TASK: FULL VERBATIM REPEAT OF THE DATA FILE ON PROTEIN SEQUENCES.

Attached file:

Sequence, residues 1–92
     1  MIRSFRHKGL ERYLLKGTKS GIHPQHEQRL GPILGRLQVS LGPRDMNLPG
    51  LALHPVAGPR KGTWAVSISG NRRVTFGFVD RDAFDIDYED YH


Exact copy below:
Sequence, residues 1–92
     1  MIRSFRHKGL ERYLLKGTKS GIHPQHEQRL GPILGRLQVS LGPRDMNLPG
    51  LALHPVAGPR KGTWAVSISG NRRVTFGFVD RDAFDIDYED YH